Christmas Pass Hotel, discovering historic heritage in luxury

Christmas Pass Hotel is set in the Christmas Pass Hills

By Norma Tsopo
MUTARE – What perplexed me upon arrival at Christmas Pass Hotel is why it is not more highly regarded. Discovering such a significant historic heritage on this luxury hotel’s stairway was a humbling experience. 
It stands on exact spot where pioneers camped upon arrival in Mutare on Christmas day in 1890 – making it the eastern border city’s most significant historical site.

Christmas Pass Hotel seats in a beautiful well tendered garden in the Christmas Pass along the Harare-Mutare highway

It was these pioneers who determined the establishment of a city in the mountainous region that has become the economic hub of Manicaland province.
The hotel may look rather antiquated in its impressive Victorian-style architecture but it may need to be kept that way considering that it directly supplanted the structures that were set up by pioneers between 1891 and 1907.
To seal its undeniable status is a plaque at the beginning of the staircase to the reception that proudly announces that it was unveiled by Lord Malvern – Sir Godfrey Huggins in 1952, as Southern Rhodesia (Zimbabwe’s colonial name) Prime Minister in commemoration of the pioneers.
Lord Malvern led the country from 1933 to 1956 and, at 7 829 days, he holds Britain and Commonwealth record for the longest continuously serving Prime Minister.
If not for its historical significance, the hotel’s name should on its own make it attract tourists.
The world famous Christmas Pass road architectural splendor is named after this place and not the other way round.
Set in a mountainous landscape of the Christmas Pass hills the hotel has for years been hidden from view from a forest overgrowth which has now been replaced with a stunning garden that is fast making it a photographer’s paradise.

With the stunning Christmas Pass road running by the hotel gate the hotel is very accessible and has stunning therapeutic panoramic views with the some of the rooms’ private balconies offer spectacular vantage points in viewing sunrises.

Even within itself, the plush garden and pool offer breathtaking eye-candy.
Although the furniture point to an earlier time of classic furnishing to complement its previous two-star rating the currently unrated hotel has not let up on its room’s homely comforts – ably aided by its eager to please affectionate staff’s etiquette.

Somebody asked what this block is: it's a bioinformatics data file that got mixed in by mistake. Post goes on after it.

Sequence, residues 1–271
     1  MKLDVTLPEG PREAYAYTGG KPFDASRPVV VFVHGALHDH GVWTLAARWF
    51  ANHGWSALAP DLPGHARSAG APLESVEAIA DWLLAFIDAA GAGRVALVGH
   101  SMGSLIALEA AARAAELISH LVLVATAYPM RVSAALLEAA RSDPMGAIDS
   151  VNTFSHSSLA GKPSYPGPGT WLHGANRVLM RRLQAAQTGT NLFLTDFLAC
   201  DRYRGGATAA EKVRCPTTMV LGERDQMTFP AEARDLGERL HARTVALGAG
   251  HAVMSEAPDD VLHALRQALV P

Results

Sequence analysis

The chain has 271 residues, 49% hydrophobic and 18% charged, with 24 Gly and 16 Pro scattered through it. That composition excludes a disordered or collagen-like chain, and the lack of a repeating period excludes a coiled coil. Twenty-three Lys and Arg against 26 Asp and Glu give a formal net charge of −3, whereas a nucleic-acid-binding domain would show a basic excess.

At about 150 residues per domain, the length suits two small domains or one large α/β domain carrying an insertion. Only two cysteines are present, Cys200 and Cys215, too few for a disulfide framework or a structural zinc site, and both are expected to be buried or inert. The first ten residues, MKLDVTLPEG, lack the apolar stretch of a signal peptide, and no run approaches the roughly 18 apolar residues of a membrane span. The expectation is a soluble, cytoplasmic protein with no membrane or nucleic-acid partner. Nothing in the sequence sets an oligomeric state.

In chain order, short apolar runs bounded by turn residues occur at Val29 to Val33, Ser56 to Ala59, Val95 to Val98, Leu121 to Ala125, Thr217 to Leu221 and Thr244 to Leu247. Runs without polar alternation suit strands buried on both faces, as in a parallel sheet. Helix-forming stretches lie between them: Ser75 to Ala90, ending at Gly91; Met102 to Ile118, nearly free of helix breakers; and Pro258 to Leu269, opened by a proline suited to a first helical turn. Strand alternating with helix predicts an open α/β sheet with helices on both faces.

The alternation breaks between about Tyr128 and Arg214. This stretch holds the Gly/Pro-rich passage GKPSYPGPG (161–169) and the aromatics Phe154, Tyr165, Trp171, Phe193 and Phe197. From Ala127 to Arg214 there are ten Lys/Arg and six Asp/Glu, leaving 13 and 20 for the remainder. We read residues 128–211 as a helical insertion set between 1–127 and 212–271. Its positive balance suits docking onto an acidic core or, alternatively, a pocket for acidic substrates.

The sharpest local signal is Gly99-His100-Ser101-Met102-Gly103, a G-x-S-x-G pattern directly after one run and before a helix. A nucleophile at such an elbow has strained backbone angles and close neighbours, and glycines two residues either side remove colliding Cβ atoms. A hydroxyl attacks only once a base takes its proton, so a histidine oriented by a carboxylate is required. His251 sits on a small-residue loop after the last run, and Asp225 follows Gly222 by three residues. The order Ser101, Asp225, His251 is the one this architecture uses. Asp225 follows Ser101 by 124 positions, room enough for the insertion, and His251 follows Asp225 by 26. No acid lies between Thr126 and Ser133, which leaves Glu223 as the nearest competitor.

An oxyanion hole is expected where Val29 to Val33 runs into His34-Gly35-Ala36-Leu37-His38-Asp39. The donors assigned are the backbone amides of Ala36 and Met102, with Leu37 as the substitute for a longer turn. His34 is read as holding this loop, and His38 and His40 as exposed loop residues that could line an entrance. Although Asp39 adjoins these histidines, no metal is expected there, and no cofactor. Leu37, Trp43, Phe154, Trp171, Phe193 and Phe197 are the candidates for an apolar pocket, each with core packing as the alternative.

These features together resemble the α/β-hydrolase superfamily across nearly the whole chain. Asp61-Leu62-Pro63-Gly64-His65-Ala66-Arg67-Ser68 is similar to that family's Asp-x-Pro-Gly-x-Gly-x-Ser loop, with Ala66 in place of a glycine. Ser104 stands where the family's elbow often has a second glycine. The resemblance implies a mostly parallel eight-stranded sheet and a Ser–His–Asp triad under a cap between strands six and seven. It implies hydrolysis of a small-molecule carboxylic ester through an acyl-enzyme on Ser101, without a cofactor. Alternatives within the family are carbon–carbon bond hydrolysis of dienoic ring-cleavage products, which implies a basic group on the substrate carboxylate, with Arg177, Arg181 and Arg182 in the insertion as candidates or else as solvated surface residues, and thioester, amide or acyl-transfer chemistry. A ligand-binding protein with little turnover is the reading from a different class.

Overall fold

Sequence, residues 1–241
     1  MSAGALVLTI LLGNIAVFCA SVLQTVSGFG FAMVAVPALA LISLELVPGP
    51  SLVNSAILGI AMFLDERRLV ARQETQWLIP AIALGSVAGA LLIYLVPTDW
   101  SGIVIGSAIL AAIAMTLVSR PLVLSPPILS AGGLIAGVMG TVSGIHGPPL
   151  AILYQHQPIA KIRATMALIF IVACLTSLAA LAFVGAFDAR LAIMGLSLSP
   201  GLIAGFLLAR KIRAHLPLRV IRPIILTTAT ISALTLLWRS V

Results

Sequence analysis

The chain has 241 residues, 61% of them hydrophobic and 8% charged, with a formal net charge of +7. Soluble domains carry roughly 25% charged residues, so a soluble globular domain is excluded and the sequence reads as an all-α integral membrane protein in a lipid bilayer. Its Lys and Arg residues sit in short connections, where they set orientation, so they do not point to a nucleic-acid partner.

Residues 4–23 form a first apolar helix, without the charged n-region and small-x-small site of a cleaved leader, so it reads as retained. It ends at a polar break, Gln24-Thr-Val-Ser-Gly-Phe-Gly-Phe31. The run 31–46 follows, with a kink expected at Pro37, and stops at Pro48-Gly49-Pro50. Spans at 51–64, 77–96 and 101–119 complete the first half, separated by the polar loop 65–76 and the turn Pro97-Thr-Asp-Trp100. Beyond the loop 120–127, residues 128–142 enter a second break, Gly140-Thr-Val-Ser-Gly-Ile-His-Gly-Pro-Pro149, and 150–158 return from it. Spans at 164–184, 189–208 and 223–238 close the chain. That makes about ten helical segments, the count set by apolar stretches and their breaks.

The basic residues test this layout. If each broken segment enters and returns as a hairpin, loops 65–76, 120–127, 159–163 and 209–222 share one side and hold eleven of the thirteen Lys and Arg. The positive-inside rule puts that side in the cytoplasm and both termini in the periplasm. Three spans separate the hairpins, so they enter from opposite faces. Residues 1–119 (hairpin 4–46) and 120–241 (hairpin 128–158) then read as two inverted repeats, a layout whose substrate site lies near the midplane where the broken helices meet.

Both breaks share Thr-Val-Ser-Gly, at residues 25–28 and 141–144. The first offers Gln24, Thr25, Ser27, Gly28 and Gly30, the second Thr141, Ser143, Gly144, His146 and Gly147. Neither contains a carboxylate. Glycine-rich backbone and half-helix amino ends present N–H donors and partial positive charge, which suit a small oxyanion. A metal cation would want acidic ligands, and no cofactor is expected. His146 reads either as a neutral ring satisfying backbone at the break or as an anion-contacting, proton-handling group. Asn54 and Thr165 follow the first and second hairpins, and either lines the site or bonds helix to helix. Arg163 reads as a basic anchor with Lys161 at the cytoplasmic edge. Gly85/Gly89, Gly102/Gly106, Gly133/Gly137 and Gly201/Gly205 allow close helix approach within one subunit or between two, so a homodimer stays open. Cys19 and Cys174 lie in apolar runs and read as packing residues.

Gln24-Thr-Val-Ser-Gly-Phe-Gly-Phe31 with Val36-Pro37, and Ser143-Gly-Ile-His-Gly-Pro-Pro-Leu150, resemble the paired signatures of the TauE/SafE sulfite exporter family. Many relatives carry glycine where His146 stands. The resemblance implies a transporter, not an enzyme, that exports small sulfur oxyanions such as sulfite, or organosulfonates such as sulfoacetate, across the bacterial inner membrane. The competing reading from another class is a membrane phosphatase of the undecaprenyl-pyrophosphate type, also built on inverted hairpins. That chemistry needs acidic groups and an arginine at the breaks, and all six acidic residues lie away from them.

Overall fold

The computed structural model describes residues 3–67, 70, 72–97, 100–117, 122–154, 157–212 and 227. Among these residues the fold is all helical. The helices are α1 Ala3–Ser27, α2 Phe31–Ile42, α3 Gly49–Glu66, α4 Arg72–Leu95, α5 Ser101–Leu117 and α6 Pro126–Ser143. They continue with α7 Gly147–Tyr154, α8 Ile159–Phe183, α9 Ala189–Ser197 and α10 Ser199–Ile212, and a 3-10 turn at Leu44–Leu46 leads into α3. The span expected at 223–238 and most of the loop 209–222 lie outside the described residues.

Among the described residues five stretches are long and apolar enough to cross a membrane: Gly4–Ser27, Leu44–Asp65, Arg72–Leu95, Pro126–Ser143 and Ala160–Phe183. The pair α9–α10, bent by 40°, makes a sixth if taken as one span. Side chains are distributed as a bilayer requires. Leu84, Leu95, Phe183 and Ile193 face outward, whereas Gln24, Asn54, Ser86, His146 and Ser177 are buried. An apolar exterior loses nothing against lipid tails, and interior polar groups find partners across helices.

With 17 rooms which include two executive suites, four double rooms and 11 standard rooms the hotel is perfect for leisure travelers. The beds are cushy, their linen snug and scream class.

The hotel however offers conference facilities that can host diverse gatherings from weddings, seminars, business meetings at the hotel’s special occasion venue or out in the gardens with professional banqueting teams on hand to attend to details.
But overall, the hotel has its biggest strength in medium sized groups for ordinary conferencing facilities which it complements effectively with its fine dining experiences.
Offering a sumptuous `a la carte menu, the hotel’s restaurant is a huge stand out against other facilities that often seem overwhelmed by huge conference groups that seem to dominate their bookings.

This has given the restaurant the distinction of being one of the most sought after eateries in the city and for drive-through clients as it has an impressive turn-around time of 25 to 25 minutes while visitors either take a stroll in the garden or relax by the pool side.

The picturesque pool side has become a favourite party venue for locals with powerful music system and all the braai amenities.
With secure parking, free Wi-Fi, safe keeping and other amenities for guests – the hotel is a great escape from the routine of the home environment.